Prevalence of prior hysterectomy in the Seattle-Tacoma area

Am J Public Health. 1980 Jan;70(1):40-7. doi: 10.2105/ajph.70.1.40.


Hysterectomy is the most common major surgical procedure performed in the United States. The frequency of hysterectomy among women in the general population is of interest because it affects the population at risk for uterine diseases and because the procedure itself carries significant personal and socioeconomic consequences. We studied factors related to the occurrence of hysterectomy by interviewing a representative sample of women ages 35-74 (n= 1087) in two urban Washington counties during 1976-1977.One-third of the women studied had had a hysterectomy. Later birth cohorts were at higher risk. The ageadjusted prevalence of prior hysterectomy was negatively associated with education and age at first childbirth; it was positively associated with parity, history of irregular menses, and history of a variety of other health conditions. Contrary to expectation, income was negatively associated with hysterectomy rates in one county and showed no association in the other. Part of the income effect was due to confounding by age at first childbirth, which was a surprisingly strong predictive factor. WE CONCLUDE THAT: 1) despite economic predictions based on the discretionary nature of the procedure, hysterectomies are not necessarily more common among high-income women; 2) age at first childbirth may be a more important risk factor for uterine disease than previously thought; and 3) estimates of hysterectomy frequency based on clinic populations may be misleading. (Am J Public Health 70:40-47, 1980.)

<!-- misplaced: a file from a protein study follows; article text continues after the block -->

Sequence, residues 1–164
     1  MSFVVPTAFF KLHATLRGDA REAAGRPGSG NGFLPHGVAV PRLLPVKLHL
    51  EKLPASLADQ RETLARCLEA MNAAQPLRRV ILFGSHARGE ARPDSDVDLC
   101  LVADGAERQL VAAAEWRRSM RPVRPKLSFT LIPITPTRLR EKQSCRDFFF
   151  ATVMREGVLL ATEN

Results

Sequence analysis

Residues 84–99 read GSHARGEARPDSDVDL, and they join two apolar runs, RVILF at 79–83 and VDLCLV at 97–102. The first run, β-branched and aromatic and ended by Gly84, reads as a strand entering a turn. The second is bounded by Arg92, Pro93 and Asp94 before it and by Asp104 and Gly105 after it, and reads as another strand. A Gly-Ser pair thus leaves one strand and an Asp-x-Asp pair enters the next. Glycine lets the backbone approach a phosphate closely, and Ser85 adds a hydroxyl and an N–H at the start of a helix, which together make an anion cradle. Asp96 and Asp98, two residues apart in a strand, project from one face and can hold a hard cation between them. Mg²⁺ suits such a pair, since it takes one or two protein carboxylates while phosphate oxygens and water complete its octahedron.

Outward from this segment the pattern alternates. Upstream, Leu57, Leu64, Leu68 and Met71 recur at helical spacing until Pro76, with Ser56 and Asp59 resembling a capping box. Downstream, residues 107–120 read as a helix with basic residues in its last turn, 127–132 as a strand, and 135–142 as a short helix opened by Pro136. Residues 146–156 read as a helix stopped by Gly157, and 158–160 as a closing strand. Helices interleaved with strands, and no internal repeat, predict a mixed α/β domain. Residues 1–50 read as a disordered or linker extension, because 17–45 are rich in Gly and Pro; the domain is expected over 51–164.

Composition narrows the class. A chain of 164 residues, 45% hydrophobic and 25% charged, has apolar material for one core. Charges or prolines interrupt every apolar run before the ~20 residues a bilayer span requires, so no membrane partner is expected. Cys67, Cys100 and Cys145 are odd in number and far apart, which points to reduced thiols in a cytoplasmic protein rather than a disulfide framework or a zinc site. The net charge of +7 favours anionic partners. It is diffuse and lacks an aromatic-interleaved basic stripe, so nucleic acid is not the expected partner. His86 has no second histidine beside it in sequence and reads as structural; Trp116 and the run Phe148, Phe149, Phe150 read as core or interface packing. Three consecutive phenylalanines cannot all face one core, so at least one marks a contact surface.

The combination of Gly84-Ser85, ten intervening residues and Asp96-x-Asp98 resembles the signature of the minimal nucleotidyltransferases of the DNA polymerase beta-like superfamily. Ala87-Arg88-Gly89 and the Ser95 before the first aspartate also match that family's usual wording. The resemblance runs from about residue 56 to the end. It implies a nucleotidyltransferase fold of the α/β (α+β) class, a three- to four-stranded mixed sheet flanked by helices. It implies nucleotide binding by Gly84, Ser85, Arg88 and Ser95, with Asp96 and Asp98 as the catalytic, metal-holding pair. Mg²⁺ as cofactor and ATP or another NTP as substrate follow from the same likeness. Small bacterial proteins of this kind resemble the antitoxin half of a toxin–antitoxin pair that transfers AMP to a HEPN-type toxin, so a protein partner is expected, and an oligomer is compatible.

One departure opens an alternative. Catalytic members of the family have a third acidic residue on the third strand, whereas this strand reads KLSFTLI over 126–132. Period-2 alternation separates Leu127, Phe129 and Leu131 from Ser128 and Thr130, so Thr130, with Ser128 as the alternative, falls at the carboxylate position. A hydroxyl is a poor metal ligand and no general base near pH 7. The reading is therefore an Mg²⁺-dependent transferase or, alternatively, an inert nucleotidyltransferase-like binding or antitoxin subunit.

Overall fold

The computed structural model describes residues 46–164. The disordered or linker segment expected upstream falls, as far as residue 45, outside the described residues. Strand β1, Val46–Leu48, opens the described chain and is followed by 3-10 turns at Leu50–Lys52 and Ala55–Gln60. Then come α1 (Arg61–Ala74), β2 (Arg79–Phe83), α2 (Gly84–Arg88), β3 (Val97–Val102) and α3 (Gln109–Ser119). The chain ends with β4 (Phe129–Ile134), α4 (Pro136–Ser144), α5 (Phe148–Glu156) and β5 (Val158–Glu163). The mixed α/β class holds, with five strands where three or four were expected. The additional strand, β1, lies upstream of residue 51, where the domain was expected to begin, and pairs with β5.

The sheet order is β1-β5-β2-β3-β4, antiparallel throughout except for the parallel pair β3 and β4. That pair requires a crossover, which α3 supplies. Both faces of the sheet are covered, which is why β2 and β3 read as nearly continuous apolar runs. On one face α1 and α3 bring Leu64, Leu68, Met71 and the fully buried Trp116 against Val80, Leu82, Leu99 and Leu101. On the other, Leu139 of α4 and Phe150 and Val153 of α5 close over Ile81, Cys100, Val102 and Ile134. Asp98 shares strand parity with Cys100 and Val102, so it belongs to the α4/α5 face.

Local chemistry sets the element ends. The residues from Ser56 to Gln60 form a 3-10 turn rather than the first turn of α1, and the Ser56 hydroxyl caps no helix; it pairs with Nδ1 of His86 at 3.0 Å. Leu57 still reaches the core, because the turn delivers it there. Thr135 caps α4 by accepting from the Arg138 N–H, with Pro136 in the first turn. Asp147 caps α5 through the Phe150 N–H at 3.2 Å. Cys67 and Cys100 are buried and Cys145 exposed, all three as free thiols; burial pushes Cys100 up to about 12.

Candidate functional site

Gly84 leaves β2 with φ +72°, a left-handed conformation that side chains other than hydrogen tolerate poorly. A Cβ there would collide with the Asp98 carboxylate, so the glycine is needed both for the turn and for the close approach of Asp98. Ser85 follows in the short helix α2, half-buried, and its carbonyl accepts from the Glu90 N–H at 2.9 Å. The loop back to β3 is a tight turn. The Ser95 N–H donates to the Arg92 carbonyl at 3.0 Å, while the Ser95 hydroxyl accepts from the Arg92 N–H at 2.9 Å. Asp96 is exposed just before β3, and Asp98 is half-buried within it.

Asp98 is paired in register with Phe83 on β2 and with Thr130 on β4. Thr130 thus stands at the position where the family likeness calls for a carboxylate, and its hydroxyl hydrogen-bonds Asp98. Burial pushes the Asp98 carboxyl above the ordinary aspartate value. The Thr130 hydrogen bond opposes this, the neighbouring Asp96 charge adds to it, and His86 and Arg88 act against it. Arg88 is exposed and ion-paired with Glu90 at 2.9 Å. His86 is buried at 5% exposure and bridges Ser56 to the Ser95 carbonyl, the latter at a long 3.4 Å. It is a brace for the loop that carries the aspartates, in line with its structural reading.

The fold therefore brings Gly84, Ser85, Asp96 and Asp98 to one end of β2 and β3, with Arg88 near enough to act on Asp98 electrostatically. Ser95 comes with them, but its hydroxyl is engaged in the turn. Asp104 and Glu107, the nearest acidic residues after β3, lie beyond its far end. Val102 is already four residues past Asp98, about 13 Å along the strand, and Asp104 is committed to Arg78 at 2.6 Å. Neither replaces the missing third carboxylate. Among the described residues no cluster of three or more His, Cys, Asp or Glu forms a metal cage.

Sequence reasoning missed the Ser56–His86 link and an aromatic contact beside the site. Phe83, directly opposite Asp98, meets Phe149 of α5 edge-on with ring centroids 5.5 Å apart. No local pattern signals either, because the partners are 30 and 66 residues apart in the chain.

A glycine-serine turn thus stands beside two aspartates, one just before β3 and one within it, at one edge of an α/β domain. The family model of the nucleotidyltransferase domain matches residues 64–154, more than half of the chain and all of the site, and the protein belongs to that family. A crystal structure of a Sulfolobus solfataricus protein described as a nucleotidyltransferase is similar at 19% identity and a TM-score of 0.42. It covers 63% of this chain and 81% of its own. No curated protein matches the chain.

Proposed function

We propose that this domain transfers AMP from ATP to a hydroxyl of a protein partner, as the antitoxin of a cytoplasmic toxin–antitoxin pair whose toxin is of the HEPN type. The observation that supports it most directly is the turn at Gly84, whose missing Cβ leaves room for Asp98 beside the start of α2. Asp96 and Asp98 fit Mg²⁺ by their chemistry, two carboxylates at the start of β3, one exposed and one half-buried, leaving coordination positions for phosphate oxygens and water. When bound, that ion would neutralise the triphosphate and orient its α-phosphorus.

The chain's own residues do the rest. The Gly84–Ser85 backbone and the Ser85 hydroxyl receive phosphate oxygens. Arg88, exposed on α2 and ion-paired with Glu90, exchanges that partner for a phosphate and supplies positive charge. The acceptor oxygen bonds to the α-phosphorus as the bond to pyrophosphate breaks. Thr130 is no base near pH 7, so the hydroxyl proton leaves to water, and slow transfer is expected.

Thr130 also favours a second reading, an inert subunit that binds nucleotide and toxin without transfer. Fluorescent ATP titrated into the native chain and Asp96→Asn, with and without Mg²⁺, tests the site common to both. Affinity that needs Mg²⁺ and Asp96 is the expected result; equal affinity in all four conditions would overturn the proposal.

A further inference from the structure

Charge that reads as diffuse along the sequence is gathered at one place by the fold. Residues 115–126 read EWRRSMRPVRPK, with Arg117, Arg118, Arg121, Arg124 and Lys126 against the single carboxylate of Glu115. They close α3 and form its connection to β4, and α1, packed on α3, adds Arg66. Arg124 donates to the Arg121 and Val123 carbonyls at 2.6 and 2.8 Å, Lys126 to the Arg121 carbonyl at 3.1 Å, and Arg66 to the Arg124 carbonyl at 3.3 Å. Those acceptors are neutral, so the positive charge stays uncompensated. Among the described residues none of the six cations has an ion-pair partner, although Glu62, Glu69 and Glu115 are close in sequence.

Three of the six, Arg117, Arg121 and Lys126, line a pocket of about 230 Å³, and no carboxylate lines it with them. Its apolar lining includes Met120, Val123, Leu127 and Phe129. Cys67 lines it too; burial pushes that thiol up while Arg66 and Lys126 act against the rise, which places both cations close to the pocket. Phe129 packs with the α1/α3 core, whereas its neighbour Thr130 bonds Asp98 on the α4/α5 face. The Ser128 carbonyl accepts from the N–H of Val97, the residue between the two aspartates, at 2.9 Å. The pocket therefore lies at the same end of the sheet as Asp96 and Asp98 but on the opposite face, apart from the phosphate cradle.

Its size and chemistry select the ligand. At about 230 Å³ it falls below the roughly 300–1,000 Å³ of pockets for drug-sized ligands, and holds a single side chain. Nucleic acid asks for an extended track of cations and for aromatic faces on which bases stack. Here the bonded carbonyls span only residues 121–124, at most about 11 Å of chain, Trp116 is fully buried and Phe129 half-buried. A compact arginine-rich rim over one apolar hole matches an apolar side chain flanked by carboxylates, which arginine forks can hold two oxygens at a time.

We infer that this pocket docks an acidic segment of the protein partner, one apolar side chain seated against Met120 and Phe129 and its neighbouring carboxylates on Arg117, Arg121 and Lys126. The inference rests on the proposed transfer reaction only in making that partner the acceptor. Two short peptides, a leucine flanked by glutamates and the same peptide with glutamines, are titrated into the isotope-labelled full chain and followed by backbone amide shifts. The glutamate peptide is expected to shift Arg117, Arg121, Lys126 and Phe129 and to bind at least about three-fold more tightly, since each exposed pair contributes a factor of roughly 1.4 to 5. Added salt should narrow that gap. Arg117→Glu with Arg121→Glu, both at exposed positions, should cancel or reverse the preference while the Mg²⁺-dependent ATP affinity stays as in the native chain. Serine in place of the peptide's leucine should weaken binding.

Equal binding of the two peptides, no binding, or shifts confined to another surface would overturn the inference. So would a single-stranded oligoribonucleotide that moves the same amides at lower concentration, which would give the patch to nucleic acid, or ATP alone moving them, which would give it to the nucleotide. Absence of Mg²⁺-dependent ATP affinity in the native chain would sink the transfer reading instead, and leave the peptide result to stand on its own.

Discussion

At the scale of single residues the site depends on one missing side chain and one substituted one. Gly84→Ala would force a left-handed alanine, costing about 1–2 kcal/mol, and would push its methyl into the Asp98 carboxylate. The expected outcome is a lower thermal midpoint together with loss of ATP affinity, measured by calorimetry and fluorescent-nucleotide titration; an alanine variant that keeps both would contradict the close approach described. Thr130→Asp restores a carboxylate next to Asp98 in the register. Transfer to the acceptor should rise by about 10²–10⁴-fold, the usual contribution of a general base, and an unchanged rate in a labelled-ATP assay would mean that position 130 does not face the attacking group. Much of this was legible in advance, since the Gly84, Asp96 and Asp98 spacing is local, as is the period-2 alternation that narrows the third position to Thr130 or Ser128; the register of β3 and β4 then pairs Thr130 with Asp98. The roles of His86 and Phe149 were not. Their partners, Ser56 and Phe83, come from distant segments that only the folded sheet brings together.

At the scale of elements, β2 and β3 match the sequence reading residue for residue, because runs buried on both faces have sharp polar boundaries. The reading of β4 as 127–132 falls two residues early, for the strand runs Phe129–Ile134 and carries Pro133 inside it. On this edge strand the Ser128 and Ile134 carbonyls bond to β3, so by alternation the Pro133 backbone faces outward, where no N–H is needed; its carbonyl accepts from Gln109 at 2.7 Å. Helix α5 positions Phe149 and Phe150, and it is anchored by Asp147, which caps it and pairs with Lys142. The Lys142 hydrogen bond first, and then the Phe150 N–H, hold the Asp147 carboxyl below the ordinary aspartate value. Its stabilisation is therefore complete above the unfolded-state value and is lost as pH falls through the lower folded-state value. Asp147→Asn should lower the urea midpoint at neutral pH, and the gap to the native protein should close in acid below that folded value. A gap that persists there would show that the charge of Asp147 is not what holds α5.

MeSH terms

  • Adult
  • Age Factors
  • Aged
  • Cross-Sectional Studies
  • Female
  • Health Status
  • Humans
  • Hysterectomy / statistics & numerical data*
  • Income
  • Male
  • Middle Aged
  • Parity
  • Socioeconomic Factors
  • Washington